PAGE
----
The district court attempted to divine Congress' intent but asked the wrong question. The district court applied a version of the above-stated rule distinguishing between substantive and remedial statutes;5 it held that statutes "which are remedial in nature ... shall be applied to all claims pending at the time of the statute's enactment." Mem.Op. at 12, 1990 WESTLAW 70379 at * 5. The district court then looked at the language of the statute and at the legislative history to determine whether Congress understood the law as remedial or substantive. The court ultimately decided that OBRA 1987 should be applied retroactively because Congress intended the statute to be a "technical improvement" in the method of calculating SSI payments for beneficiaries who are also AFDC recipients, and a technical improvement is remedial. Mem.Op. at 11, 1990 WESTLAW 70379 at * 5. The court further held that retroactive application would not result in "manifest injustice" to the Secretary. Mem.Op. at12-15, 1990 WESTLAW 70379 at *5-6.
The district court erred by misconstruing the issue of congressional intent. The first question is not whether Congress intended the law to be remedial or substantive. The court should have first decided whether Congress had a more specific intention regarding whether the law should apply retroactively. Only if congressional intent on that point is unclear does the remedial/substantive distinction come into play. See Kaiser Aluminum, 110 S. Ct. at 1577 ("where the congressional intent is clear, it governs"); Mozee, 963 F.2d at 934-936 (when congressional intent was unclear, court applied rule that "statutory provisions impacting substantive rights and obligations will not be retroactively applied").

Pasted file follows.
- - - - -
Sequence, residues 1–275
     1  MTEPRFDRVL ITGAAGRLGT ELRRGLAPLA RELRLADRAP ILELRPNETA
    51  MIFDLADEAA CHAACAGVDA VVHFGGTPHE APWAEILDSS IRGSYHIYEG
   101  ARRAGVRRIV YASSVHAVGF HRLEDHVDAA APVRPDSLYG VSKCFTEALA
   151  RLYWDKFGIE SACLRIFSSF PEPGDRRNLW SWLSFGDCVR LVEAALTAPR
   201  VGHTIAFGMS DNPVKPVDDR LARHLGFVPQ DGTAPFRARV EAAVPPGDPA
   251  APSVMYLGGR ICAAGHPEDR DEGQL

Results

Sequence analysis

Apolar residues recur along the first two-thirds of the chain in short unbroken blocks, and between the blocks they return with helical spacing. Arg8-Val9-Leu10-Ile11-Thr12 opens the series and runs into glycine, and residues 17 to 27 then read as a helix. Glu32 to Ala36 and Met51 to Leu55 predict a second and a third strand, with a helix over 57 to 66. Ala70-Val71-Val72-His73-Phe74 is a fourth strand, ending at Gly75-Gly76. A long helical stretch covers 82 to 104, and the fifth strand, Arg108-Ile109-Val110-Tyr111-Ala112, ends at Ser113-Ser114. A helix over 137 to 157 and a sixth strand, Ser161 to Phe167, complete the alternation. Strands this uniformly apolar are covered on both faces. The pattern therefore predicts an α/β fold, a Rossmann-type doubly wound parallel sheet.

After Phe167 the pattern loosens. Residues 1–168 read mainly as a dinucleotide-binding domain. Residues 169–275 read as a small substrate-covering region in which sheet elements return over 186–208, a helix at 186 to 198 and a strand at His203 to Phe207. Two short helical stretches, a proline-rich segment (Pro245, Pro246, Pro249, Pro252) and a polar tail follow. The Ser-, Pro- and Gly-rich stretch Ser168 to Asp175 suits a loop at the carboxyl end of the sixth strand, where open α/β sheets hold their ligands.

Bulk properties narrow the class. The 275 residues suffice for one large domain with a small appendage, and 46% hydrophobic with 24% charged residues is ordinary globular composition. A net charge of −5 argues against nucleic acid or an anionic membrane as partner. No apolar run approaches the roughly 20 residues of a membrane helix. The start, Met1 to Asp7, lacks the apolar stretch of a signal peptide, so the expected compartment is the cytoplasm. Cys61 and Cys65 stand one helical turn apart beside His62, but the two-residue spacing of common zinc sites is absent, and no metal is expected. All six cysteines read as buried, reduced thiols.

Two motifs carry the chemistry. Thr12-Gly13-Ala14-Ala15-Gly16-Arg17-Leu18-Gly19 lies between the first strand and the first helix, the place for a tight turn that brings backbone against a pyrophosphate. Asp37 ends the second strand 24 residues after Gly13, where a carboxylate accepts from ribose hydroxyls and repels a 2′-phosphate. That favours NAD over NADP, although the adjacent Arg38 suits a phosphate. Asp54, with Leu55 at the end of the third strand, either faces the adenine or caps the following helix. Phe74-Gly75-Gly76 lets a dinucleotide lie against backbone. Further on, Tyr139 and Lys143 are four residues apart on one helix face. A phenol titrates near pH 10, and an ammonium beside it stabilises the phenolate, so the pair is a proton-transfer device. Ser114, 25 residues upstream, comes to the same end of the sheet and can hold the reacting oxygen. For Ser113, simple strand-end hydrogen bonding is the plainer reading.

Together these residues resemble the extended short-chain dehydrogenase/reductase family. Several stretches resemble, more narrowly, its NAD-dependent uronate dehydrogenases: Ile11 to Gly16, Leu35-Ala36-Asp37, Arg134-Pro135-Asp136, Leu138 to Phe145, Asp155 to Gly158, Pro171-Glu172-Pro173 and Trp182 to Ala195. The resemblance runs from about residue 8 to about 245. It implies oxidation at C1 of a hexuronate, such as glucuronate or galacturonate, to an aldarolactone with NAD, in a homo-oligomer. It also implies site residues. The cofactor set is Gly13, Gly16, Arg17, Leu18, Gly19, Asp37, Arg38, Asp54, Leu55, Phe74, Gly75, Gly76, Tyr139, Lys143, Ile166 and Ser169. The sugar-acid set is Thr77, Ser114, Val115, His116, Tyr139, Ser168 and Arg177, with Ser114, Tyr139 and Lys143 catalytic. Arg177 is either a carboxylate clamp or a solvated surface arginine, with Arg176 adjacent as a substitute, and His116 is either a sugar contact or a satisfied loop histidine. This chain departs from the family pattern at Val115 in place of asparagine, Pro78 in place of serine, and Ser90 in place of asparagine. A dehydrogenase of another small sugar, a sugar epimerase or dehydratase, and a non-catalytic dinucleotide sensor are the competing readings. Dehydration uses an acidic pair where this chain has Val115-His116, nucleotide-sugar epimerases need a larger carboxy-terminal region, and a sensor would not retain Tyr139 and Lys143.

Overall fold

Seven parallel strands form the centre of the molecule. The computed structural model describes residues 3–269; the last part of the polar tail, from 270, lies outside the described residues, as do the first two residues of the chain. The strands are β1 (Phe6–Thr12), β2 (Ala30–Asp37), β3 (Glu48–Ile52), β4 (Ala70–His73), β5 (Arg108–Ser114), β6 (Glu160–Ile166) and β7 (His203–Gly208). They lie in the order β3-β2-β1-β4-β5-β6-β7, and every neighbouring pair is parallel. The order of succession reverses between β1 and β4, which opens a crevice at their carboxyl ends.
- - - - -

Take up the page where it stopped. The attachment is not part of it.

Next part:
Based on the language of the statute and the legislative history, we believe that Congress intended OBRA § 9106 to apply prospectively. Three major factors are persuasive. First, the express language of the section provides that "any income which is paid to or on behalf of an individual ... shall be taken into account ... only for that month...." 42 U.S.C. § 1382(c) (5) (emphasis added). The verb tense indicates that Congress intended the section to apply only to computations of future benefits; the statute does not say, "any income which has been paid." See Bennett v. New Jersey, 105 S. Ct. at 1561 (holding amendments prospective when House Report stated that amendments were intended to clarify "the manner in which school districts are to distribute Title I funds" (quoting H.R.Rep. No. 95-1137, at 21, 1978 U.S.Code Cong. and Ad. News at 4971 4991; emphasis added in Bennett). Thus, the express language of the statute indicates that Congress intended the provision to be prospective. See also Kaiser Aluminum, 110 S. Ct. at 1577-78 (when words of post-judgment interest statute indicated that Congress inextricably tied calculation of interest to date of entry of judgment, statute was prospective only).